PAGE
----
Three dogs and a few sheep are the only signs of life at the train station in Tres Algarrobos, an Argentine town that lies at the heart of one of the world’s most productive farming belts.
Argentina’s once-extensive rail network was largely dismantled during the privatizations of the 1990s. But as agricultural output soars, farmers and grain elevators – who send more than 80 per cent of grains by costly road transport – are calling for investment to revive the railways.
“We’re at a big disadvantage compared with big companies that have their plants on the railway line,” said Sergio Tartara from the Cuenca Cereales grains elevator in Tres Algarrobos. “Rail is much cheaper and transport costs are a big issue for farmers.”
The high price of using trucks to move grains and a patchy network of rural roads are becoming more of a problem in Latin America’s No. 3 economy as harvests grow and farmers plant soybeans in remote regions hundreds of miles from main ports along the Parana River.
Road transport costs about seven U. S. cents per tonne per kilometre in the vast South American country – about twice the cost of rail cargo and four times what it costs to transport grains by boat, according to the Rosario grains exchange.
“Infrastructure for cargo transport is badly outdated … the railways need to play a much bigger role,” said Alfredo Sese, secretary of the transport committee at the grains exchange in Rosario – Argentina’s biggest agricultural port.
For farmers in far-flung provinces such as Salta, a fast-growing soy-producing region more than 1,000 kilometres from Rosario, transport costs eat dramatically into profit margins.
Labour-intensive road transport means farmers’ transportation costs are also more vulnerable to truckers’ pay demands. Most trade unions are calling for wage increases of about 25 per cent this year as inflation accelerates.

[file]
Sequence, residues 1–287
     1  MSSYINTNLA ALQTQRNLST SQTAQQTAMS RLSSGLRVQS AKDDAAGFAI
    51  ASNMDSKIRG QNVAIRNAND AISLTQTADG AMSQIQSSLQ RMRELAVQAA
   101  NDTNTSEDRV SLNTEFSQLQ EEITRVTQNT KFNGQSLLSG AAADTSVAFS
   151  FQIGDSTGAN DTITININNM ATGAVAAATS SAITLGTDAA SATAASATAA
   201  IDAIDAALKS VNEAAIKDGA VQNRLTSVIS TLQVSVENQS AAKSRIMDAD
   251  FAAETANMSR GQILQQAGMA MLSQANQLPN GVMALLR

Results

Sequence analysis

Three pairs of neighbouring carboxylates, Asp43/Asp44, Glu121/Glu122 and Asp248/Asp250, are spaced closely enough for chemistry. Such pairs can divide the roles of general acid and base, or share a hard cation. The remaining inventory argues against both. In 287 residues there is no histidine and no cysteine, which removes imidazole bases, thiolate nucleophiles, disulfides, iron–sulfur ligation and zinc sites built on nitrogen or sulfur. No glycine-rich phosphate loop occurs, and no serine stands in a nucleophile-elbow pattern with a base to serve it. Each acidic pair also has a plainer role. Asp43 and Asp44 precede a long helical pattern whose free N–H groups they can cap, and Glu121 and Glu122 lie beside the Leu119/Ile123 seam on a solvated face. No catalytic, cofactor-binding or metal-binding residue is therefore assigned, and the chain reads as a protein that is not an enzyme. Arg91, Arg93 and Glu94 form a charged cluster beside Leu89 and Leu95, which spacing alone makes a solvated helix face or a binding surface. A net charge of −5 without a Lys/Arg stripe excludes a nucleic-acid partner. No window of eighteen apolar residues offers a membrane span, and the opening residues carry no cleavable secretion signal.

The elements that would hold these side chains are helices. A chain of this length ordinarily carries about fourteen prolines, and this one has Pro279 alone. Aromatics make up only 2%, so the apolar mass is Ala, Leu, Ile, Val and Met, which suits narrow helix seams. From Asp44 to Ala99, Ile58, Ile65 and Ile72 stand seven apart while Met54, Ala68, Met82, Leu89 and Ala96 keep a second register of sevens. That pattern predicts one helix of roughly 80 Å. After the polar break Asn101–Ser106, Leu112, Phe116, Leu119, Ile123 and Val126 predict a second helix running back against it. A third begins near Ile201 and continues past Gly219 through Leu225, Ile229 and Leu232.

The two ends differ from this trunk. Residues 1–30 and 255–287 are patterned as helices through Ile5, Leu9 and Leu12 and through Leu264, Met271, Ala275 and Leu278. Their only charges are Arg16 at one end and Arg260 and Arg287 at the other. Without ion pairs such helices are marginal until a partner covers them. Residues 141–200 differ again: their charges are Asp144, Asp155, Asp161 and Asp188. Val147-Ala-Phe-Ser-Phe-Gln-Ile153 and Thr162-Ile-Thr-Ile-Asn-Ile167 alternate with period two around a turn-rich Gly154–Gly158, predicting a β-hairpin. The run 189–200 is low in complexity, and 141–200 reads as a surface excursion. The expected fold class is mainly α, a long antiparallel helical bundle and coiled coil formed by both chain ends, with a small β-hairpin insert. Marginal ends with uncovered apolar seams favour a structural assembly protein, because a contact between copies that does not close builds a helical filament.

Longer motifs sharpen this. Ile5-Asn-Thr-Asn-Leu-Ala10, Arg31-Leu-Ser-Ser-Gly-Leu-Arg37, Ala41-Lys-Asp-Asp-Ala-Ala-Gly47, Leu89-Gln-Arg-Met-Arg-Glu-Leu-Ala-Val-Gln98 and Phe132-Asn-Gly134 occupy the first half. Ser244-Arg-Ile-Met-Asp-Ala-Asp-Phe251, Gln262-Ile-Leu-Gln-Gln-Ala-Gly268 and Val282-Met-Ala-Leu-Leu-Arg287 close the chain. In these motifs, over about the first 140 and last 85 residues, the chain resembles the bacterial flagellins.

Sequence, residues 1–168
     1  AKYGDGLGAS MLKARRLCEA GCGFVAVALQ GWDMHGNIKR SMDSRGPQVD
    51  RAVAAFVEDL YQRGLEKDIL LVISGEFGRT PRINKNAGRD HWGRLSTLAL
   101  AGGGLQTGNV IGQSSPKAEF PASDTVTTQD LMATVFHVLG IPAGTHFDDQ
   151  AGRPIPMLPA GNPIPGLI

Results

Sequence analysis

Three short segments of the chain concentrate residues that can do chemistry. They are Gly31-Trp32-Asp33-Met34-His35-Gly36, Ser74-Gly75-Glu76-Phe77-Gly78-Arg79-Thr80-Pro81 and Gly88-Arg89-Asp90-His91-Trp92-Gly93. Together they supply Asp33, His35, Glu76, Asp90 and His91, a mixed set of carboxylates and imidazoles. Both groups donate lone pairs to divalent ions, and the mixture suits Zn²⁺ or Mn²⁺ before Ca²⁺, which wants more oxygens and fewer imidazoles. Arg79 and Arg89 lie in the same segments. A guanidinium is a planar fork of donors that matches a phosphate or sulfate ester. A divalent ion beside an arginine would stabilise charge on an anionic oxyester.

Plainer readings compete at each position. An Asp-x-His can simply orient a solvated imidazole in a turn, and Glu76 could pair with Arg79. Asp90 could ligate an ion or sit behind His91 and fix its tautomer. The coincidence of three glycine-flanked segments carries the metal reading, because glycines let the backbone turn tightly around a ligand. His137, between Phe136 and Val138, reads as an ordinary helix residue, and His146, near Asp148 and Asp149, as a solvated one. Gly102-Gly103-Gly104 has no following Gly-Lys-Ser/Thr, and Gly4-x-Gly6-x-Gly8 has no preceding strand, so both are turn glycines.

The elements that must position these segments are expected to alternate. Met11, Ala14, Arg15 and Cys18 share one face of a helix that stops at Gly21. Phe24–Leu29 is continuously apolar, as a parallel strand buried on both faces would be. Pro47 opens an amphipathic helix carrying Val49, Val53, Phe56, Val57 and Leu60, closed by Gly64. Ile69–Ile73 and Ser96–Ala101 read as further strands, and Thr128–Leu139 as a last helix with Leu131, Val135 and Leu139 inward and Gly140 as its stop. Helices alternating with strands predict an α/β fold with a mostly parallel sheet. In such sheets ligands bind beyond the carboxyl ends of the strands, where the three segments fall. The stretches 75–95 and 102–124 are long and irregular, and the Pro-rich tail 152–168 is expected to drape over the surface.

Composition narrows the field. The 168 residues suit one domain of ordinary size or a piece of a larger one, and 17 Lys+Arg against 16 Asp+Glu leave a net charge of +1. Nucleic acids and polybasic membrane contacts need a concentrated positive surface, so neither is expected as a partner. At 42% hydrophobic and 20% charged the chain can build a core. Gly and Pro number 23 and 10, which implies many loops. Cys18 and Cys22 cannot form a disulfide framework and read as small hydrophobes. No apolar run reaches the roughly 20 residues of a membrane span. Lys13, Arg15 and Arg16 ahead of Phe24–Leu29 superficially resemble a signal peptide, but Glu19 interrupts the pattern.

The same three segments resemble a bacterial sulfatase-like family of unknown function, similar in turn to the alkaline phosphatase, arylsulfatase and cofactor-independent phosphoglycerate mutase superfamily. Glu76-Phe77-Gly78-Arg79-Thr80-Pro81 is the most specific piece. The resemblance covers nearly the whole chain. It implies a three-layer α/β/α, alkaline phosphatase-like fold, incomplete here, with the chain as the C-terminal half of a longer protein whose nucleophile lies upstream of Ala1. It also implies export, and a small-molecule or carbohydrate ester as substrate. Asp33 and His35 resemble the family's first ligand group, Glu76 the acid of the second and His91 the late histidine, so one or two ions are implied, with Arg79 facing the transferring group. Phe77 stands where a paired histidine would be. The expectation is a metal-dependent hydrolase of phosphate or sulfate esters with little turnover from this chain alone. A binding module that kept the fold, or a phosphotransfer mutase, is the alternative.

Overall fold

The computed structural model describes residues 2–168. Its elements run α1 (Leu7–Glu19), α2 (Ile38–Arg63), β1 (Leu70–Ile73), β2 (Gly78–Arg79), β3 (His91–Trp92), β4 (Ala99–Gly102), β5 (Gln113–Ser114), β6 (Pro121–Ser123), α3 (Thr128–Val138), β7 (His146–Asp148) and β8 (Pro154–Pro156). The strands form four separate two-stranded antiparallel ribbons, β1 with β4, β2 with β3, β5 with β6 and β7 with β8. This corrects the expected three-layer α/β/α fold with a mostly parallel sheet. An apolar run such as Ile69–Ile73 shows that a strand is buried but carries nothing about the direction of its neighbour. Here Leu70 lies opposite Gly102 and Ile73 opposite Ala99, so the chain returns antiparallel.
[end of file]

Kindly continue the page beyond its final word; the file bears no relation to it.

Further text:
“It’s not the same having one driver carry 30 tonnes as having maybe three people carrying 900 tonnes (by train),” said agronomist Jorge Muriel, who works with Sanchez and Co., another grains elevator firm in Tres Algarrobos, which lies in northwestern Buenos Aires province.
Farmers in Argentina, a leading global supplier of soy, wheat, corn and beef, are gathering a record soybean crop estimated at 54.5 million tonnes. Corn output is also close to record levels, pushing transport capacity to the limit.
Thousands of trucks have been waiting in line in recent weeks to reach ports in Rosario, home to about 80 per cent of the country’s soy-processing industry and the major port terminals that carry grains to Europe, India and China.
Such scenes are typical at the peak of the corn and soy harvests in Argentina, where 84 per cent of grains are transported by road.
Another 14.5 per cent is shifted by train and just 1.5 per cent by boat, according to a government report.
In neighbouring Brazil, another leading global exporter of farm goods, road transport accounts for about 67 per cent with rail and ships accounting for 28 per cent and five per cent, respectively.
Road transport is even less important for grains transport in the United States, where trucks are used to shift just seven per cent of the harvest. Most U. S. grains are transported by waterway.
In Tres Algarrobos, residents are preparing to mark the 100th anniversary of the first train’s arrival to the town even though the only reminder of the railway age is the deserted station building and overgrown tracks.
The town lies 500 kilometres (310 miles) west of the capital Buenos Aires along Route 226, which is dotted with potholes despite the provincial government’s pledges to repair it.
Lines of heavy trucks travelling hundreds of kilometres to port also make the country’s roads hazardous.
The government of President Cristina Fernandez recently launched a project to increase the depth of the Parana River, the country’s main cargo waterway, which would allow bigger, more heavily loaded boats to use it.
Officials have also pledged investment to improve cargo services on the Belgrano Cargas railway, which links Rosario to key soy-growing areas in the north such as Chaco, Salta and Santiago del Estero.
A rail renaissance cannot come soon enough for farmers, rural residents and most of all station master Abel Mosca, who has kept his job even though no cargo or passenger trains have stopped at Tres Algarrobos since 1999.
“At the moment, the tracks are unusable, but they can be fixed with political will,” he said. “I’m hopeful that sooner or later the service will be reopened.”